“10 Myths For Inbox Deliverability” by Stephanie Miller posted Feb 17, 2010 on Clickz (http://www.clickz.com/clickz/column/1701157/myths-inbox-deliverability)
Email marketing is a marketing channel that is widely used and almost as widely frowned upon as many people think of Spam as email marketing. Spam is a form of email marketing where the Spam gets sent to users email addresses, however I like to think of Spam as the quick and dirty cousin of a true email marketing campaign. Spam email has a very bad rap–well deserved for its shameless promotion of questionable products or services some of which seems to smell bad from the subject line alone without even looking at the email.
Email marketing has been around almost as long as emails themselves and have experienced the good the bad and the ugly and everything in between. Email Marketing has had to go through major overhauls with the CAN Spam Acts of 2003 and again updated in 2008 setting down the law. So the question is: why keep using email as a marketing channel? The answer is quite simple–it works. In the book “Internet Marketing: A Practical Approach” it stated that about 21% of adults have responded to direct email marketing. So it makes sense that if it works don’t fix it.
With smartphones everywhere and more and more people using them for more and more everyday, it makes sense to keep using email to communicate with customers and potential customers. However just sending out any old email will not get you much. Email marketing today is targeted, direct and customized to the brand, customer demographics and reason for the communication. To be effective in email, marketing every step of the way needs to be done with knowledge and care. In this paper we are going to look at the Subject line.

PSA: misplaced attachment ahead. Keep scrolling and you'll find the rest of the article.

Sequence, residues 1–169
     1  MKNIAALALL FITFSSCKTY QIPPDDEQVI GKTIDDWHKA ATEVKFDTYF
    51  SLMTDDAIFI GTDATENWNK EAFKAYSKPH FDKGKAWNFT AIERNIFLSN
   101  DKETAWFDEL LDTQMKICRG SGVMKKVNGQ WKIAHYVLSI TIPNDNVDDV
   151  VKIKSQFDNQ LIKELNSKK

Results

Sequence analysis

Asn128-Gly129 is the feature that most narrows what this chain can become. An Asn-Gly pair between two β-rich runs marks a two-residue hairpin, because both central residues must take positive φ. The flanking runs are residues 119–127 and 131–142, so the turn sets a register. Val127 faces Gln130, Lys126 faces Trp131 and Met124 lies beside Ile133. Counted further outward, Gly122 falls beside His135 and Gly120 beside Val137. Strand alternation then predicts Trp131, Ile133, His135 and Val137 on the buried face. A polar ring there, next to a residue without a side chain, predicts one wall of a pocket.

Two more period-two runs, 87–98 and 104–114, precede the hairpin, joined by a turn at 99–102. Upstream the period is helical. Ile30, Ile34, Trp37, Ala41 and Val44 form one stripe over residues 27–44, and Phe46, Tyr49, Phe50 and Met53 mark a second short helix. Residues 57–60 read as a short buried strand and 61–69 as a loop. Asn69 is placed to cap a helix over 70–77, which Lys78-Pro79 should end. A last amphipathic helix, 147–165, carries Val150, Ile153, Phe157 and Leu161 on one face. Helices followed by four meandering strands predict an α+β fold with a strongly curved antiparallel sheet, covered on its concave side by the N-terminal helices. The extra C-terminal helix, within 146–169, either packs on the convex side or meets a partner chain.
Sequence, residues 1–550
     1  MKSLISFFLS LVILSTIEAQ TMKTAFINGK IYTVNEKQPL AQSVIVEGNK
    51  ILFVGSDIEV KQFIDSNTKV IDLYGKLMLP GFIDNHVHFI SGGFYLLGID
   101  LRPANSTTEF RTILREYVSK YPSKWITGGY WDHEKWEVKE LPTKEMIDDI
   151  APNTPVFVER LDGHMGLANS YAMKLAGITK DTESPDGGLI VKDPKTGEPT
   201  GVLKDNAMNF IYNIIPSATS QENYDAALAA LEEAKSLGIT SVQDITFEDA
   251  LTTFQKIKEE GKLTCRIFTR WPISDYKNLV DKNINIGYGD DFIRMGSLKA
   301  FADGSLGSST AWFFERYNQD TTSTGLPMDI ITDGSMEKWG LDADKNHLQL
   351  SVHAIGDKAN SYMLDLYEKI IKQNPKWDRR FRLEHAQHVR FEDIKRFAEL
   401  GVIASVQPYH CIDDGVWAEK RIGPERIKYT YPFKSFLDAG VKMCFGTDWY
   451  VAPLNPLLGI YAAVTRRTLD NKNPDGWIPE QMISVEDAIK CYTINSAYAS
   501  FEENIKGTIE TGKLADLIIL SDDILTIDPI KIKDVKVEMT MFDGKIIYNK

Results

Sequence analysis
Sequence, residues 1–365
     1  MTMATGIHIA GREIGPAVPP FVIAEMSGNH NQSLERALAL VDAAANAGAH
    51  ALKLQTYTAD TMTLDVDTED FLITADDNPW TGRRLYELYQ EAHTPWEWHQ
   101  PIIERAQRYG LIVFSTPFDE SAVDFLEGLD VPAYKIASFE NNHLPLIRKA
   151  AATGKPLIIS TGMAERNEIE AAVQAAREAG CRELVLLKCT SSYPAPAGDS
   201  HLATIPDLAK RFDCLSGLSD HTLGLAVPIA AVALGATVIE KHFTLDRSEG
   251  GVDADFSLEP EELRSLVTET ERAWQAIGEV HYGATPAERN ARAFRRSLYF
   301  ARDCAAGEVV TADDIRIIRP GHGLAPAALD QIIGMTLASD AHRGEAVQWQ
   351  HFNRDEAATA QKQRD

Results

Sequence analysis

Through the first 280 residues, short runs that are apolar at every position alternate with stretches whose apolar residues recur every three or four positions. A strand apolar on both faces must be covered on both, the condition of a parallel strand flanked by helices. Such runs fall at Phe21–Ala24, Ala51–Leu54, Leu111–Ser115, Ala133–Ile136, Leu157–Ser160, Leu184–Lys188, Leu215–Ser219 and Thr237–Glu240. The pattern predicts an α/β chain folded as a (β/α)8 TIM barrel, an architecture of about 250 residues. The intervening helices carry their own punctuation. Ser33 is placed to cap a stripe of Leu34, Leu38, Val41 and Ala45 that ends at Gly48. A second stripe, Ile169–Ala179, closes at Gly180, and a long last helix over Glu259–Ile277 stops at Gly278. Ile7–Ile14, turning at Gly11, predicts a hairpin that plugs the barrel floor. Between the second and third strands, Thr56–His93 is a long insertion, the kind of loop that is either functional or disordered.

The subject line is the headline used to get the attention of your target audience and get them to open the email. It is a big step and should be done with care. Good copy, the reason for the email, to whom it is addressed and what the expected action is desired all need to be looked at when creating a subject line. Let’s take a look at these points for two variation of a subject line that I created for a fictitious company Laptops For You or Laptops 4 You as I call them.
For the actual copy of the subject line I took a few key drivers from the book “Email Marketing: An Hour A Day” by Jeanniey Mullen and David Daniels. The ones that I tried to incorporate are:
• Keep it short: Around 50 characters
• Convey urgency and importance
• Reinforce the brand
• Don’t use capital letters
Using they principals I came up with the following two variations:
Classes start Soon: 20% of select items for college students from Laptops 4 You!
At Laptops 4 You get 20% of your select items for all your college needs!
Working with a company like Laptops 4 You that sales laptops and other computer accessories the reason for the email is to let past and potential customers know about current product offers to sale more laptops.
These two variations of a subject line are targeted to college students a consumer segment looking to purchase a computer for schoolwork, social and entertainment uses. Taking a look at enrollment projects for the 2012 school year as reported on the National Center For Education Statistics showed that a record 21.6 million students were expected to attend either a 2 or 4-year college. The report also showed that females were expected to make up over half the students with 12.3 million to enroll. Looking at this data and the growing use of computers by college students this is a good consumer segment to target.